When Airfare Is So Cheap It’s a Steal – Literally

Sometimes, flights are so cheap that they're obviously not just terrific sale prices, but mistakes. While everybody loves a deal, is booking a secret, mispriced fare tantamount to stealing?

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Sometimes, flights are so cheap that they’re obviously not just terrific sale prices, but mistakes. While everybody loves a deal, is booking a secret, mispriced fare tantamount to stealing?

Experienced travelers love to swap insider tips—the location of a secret dinner club in Paris, thoughts on up-and-coming “next Prague” destinations, and, yes, the best deals on airfare all over the world. What happens, though, when an airline’s reservation system makes a mistake, and a flight halfway around the world that should cost, say, $1,800 is suddenly available to book online for just $20?

Well, what sometimes happens is that word spreads quickly about these fares at popular forums like FlyerTalk, and many travelers try to snag the flights at rock-bottom prices before the airline catches the mistake. Consumer advocate Christopher Elliott, who has made a name for himself by helping people to avoid getting ripped off by airlines, hotels, and other travel companies, says that travelers who behave this way aren’t merely unethical, they’re thieves. In a recent post on his blog, Elliott wrote:

Pointing out a fare error online and urging people to book one is like saying someone’s house isn’t locked and urging everyone to steal from it.

The presence of these opportunists gives all of these sites a bad name, and in my opinion, they should be quickly expelled from the group.

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Not all travelers agree. Some say Elliott is dead wrong, in fact. In the post, Elliott asked readers to answer the blunt question “Is it ever acceptable to steal from an airline?” Nearly 4 in 10 answered “yes.” Dozens of commenters essentially said that airlines should be forced to honor all flights sold, regardless if a mistake occurred, and regardless of whether travelers booking the flights knew a mistake occurred. One commenter gave this justification:

If a fare can be voided for being an “incorrect price” there’s nothing to prevent an airline from overbooking with higher last minute fares, then claiming it was an “erroneous price” once the passenger gets to the gate to free the seat. As it stands now, the airline is on the hook to get the passenger from one place to another.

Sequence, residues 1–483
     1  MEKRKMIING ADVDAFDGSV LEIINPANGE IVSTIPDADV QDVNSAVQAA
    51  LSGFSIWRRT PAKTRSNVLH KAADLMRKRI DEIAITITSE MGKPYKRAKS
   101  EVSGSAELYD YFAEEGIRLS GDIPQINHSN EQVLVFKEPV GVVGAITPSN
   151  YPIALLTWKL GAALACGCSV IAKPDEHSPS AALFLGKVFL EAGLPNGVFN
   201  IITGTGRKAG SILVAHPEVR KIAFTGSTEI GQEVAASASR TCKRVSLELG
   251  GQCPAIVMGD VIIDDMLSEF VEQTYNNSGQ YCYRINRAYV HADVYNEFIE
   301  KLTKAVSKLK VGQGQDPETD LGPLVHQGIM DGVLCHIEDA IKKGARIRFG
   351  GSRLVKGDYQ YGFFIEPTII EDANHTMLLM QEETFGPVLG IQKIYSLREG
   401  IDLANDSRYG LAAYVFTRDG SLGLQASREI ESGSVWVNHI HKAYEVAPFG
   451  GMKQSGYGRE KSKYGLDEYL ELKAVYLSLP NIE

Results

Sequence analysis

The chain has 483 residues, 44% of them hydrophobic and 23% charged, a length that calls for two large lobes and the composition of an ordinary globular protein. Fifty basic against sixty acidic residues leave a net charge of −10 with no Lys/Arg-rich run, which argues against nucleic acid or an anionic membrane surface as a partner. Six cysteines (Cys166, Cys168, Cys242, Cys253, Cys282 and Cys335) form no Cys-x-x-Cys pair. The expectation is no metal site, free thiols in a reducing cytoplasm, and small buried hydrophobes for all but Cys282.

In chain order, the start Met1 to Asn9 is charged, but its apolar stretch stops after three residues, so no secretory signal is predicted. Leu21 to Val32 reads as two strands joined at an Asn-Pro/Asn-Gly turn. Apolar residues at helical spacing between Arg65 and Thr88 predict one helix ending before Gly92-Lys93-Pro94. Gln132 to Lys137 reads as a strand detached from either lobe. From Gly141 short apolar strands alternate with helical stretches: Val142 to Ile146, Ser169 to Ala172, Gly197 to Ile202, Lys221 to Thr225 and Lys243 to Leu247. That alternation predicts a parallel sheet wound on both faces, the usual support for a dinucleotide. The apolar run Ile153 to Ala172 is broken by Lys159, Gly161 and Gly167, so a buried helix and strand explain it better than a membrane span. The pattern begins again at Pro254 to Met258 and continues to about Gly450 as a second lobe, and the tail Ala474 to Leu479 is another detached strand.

In fact, what has happened—and what brought these ultra-cheap mistake fares to light in the first place—is that airlines have canceled such erroneously priced tickets. They’ve typically offered to give customers a full refund, reimburse them for any other nonrefundable travel expenses, and hand over a voucher worth maybe a couple hundred dollars for the traveler’s trouble. For some travelers, the gesture isn’t enough.

In a follow-up post at LinkedIn, Elliott noted that the hatred many passengers feel for the airlines makes it easier for them to try to get one over on the carriers, regardless of whether it’s fair or ethical:

I know the anger many readers feel against airlines. The aviation industry created a sophisticated pricing scheme designed to squeeze the most money out of each passenger, and when it loses control of the system, we shouldn’t let it off the hook, they insist.

In fact, given the horrible things airlines have done in the name of turning a profit, shouldn’t it be our obligation as informed consumers to take advantage of every mistake an airline makes?

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Elliott obviously doesn’t think this is the answer. Some of the commenters, however, feel like travelers should take advantage of the airlines in every way possible, to balance things out:

For the other 99.99% of the flying public, those who regularly get taken advantage of by high airfares, rude employees and $9 sandwiches passed off as in-flight meals, who will gladly charge you and I wildly different prices for adjacent seats, they’ve established an adversarial relationship with their customers and are now reaping the benefit of charging for almost everything but the recycled air we breathe on a flight.

Others basically give a “tough noogies” response to the idea that airlines have screwed up and therefore won’t honor the mispriced tickets:

The onus is on the businesses to not make that mistake. Maybe this will serve as a lesson to businesses.